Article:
Not available in 2021/22
EH439      Half Unit
The History of Banking Systems

This information is for the 2021/22 session.

Teacher responsible

Dr Natacha Postel-Vinay


This course will be available on the MSc Financial History.

Course content

This course introduces students to problematics around the history of banking. It explores the rise of financial intermediaries over the centuries and how their role evolved from simple money changers to money creators via lending. Banks can sometimes fail; historical causes of these failures as well as macroeconomic consequences will be explored, going from the 19C through the Great Depression to the 21C. Countries have historically been aware of the central tension between the necessity to save a financial system from collapse and the imperative of no moral hazard created in the process. By looking at the evolution of crisis resolution and aspects of preventive regulation students will gain a deep understanding of the history of banking in the developed world.


20 hours of seminars in the LT.

Formative coursework

Students will be expected to produce 1 essay and 1 presentation in the LT.

Indicative reading

  • Tooze, A. (2018). Crashed: How a Decade of Financial Crises Changed the World. London: Penguin Books.
  • Aliber, R., & Kindleberger, Charles P. (2015). Manias, panics and crashes: A history of financial crises (Seventh ed.). Palgrave.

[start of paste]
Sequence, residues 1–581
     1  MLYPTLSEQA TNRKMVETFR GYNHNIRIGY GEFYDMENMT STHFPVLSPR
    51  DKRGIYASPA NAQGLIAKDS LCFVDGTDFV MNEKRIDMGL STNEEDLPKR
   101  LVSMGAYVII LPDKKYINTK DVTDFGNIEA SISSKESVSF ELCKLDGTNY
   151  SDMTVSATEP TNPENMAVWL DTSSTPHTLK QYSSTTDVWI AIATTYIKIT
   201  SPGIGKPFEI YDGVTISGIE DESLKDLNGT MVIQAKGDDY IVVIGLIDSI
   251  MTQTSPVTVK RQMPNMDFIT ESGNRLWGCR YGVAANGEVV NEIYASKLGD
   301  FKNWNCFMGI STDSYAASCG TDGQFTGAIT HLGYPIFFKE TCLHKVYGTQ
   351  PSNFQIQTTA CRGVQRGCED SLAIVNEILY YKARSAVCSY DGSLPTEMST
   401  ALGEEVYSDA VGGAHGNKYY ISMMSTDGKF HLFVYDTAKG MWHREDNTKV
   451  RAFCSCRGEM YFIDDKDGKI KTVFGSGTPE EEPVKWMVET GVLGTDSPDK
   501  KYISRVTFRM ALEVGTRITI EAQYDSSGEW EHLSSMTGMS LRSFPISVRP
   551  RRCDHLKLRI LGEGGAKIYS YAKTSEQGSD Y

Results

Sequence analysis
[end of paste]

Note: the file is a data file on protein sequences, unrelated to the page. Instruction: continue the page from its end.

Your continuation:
• Straumann, T. (2019). Debt, Crisis, and the Rise of Hitler. Oxford University Press.
  • Galbraith, J. K. (2009) [1954]. The Great Crash 1929. Penguin.
  • Bordo, M., Eichengreen, B., Klingebiel, D., & Martinez‐Peria, M. S. (2001). “Is the crisis problem growing more severe?”, Economic policy, 16(32), 52-82.


Essay (100%, 5000 words) in the LT Week 10.

Course selection videos

Some departments have produced short videos to introduce their courses. Please refer to the course selection videos index page for further information.

Important information in response to COVID-19

Please note that during 2021/22 academic year some variation to teaching and learning activities may be required to respond to changes in public health advice and/or to account for the differing needs of students in attendance on campus and those who might be studying online. For example, this may involve changes to the mode of teaching delivery and/or the format or weighting of assessments. Changes will only be made if required and students will be notified about any changes to teaching or assessment plans at the earliest opportunity.

Key facts

Department: Economic History

Total students 2020/21: Unavailable

Average class size 2020/21: Unavailable

Controlled access 2020/21: No

Value: Half Unit

Guidelines for interpreting course guide information

Personal development skills

  • Leadership
  • Self-management
  • Team working
  • Problem solving
  • Application of information skills
  • Communication
  • Application of numeracy skills
  • Commercial awareness
  • Specialist skills